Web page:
Patenting can lead to the development of new ideas and new inventions. These information may be protected under patents.
Patents can serve as a deterrent to non-trustworthy third parties who profit from an invention’s successes.
Patent-protected technology revenue that is commercially viable can be used to finance technological research and development (R&D) which will improve the chances of a better technology in the near future.
Intellectual property ownership is a way to convince investors and lenders that there are genuine opportunities to market your product. A single patent could lead to numerous financing options. Patents and other IP assets can be used as collateral or as security for debt financing. Investors may also look at the patents you own to increase their company valuation. Forbes and others have noted that each patent can increase anything from $500,000 to one million dollars to your company’s valuation.
Start-ups need a well-constructed business plan that is built on the IP to demonstrate that your product or service is distinctive and superior or ingenuous. Investors will be amazed if your IP rights are secured or are on the verge of becoming secure, and that they are in line with your business plan.
It is vital to keep an invention secret prior to filing for patent protection. A public disclosure of an invention could frequently devalue its originality and make it invalid. Disclosures that are filed prior to filing, like for investors, test marketing, or any other business partners should be done only after the signature of a confidentiality agreement.
There are many kinds of patents. Knowing them is essential to safeguard your invention. Utility patents are for inventions and processes that are new. Design patents cover ornamental designs. Patents for utility are the most effective since they protect the proprietor from copycats and other competitors. Most often they are granted for modifications or improvements to existing inventions. They can also be used to enhance or modify existing inventions. For example, a process patent covers actions or methods of doing one specific thing, whereas chemical compositions will comprise an assortment of components.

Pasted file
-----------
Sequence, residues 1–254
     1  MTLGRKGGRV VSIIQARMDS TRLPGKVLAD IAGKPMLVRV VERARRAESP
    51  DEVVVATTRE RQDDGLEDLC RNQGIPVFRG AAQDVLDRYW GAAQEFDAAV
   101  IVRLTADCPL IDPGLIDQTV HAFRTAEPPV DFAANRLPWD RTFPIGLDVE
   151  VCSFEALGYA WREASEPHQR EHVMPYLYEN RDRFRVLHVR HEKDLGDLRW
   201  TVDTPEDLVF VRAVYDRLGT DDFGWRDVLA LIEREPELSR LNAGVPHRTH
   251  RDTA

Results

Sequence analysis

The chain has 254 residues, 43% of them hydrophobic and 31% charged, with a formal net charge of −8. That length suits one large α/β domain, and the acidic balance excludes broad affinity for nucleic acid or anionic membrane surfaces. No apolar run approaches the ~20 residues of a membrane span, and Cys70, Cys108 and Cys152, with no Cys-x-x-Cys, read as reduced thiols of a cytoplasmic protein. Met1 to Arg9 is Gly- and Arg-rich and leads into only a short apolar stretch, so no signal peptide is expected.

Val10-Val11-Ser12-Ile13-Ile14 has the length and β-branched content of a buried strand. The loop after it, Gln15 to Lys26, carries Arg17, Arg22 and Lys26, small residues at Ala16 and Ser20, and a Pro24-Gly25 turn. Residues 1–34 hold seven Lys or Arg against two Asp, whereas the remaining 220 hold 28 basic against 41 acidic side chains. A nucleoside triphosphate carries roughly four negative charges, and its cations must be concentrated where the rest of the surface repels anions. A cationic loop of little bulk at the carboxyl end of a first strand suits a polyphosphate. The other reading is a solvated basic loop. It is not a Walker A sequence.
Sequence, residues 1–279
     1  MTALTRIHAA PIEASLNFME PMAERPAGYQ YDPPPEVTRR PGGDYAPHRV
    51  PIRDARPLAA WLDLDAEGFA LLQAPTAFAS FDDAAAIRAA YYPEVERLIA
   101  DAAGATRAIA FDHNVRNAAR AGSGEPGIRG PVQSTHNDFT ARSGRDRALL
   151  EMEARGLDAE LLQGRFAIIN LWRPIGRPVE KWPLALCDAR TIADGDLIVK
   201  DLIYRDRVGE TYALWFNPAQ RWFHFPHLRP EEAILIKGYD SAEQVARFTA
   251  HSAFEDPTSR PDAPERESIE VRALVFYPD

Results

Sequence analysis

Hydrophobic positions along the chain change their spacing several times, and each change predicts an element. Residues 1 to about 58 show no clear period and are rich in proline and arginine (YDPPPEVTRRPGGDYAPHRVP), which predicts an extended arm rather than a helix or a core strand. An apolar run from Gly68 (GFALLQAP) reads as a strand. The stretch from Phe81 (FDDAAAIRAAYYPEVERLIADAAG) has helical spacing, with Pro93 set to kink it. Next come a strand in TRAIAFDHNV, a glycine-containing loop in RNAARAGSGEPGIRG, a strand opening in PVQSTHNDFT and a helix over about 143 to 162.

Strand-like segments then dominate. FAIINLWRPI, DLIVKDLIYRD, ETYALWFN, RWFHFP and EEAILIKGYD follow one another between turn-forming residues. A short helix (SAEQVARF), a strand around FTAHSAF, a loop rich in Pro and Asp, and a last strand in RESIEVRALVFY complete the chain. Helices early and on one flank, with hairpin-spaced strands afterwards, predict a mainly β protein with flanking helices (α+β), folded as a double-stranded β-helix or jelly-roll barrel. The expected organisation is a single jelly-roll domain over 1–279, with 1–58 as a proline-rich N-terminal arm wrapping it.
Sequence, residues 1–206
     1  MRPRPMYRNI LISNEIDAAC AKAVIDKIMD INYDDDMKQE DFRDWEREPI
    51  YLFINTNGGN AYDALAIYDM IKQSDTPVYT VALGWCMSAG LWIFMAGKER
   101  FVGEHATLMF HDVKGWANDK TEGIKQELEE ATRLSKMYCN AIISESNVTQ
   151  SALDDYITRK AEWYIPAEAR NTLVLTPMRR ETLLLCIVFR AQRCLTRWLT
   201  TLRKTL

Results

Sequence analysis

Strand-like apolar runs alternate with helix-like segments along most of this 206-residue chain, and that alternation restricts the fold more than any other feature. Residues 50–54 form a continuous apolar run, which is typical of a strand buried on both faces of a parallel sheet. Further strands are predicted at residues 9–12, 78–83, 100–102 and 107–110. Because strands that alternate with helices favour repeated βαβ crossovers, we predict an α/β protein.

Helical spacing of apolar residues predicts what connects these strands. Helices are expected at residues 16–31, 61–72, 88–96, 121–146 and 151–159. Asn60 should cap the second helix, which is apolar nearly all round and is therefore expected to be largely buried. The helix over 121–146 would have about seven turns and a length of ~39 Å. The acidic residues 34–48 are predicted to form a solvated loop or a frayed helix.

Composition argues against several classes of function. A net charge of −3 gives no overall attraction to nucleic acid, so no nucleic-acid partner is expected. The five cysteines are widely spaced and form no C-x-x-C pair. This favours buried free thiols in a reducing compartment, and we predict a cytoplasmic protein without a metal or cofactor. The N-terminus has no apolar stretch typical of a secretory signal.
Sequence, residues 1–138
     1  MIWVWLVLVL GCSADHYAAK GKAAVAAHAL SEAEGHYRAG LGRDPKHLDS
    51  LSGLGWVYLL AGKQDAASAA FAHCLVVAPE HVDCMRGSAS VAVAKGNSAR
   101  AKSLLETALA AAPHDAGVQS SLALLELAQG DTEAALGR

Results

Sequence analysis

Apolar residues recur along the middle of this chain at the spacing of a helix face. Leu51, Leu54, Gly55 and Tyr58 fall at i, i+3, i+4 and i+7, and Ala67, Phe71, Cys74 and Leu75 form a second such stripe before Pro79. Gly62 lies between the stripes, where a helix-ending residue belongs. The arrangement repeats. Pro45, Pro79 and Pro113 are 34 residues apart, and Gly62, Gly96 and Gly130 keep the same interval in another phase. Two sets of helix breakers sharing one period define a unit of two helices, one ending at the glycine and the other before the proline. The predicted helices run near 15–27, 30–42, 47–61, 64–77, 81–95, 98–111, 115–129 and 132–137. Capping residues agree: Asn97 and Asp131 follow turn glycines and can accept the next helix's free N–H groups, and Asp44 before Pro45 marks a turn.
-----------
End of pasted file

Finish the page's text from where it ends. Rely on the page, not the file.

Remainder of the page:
How long does a patent last? Patents for utility last for 20 years from the earliest filing dates, but their expiration dates may be extended because of delays at the patent office for instance.
Do you wish to protect your idea? Since patents are only granted to applicants who file first and you must start filing quickly. Call PatentPC to speak with a patent attorney PatentPC to file your invention now!
When you’re writing an application for patents when you are writing a patent application, it is important to conduct a patent search. it will provide you with some insights into other people’s ideas. This allows you to limit the scope of your idea. Additionally, you’ll be able to learn about state of the art in your area of invention. You’ll have a better idea of what your invention ought to be and be better prepared for writing your patent application.
How to Search for Patents
Patent searches are the first step to getting your patent. You can do a google patent search or do a USPTO search. After the patent application is filed, the item that is covered by the patent application could be described as patent-pending. you can locate the patent application on public pair. When the patent office is satisfied with your application, you will be able to do a patent number look to find the patent that was issued. Your product is now patentable. You can also use the USPTO search engine. See below for details. A patent lawyer or attorney can help you through the procedure. Patents granted in the United States are granted by the US trademark and patent office or the United States patent office. The trademark office also evaluates trademark applications.
Are you interested in finding similar patents? Here are the steps to follow:
1. Think of terms that describe your invention in relation to its intended, composition, or use.
Start by writing down a concise detailed description of your invention. Avoid using generic terms like “device”, “process,” or “system”. Consider synonyms for the terms you initially chose. Then, take note of important technical terms and key words.
To help you recognize terms and keywords, you can use the following questions.
- What’s the purpose of this invention? Is it a utilitarian device or an ornamental design?
- Invention is a method to come up with something or to perform some function? Is it a product or procedure?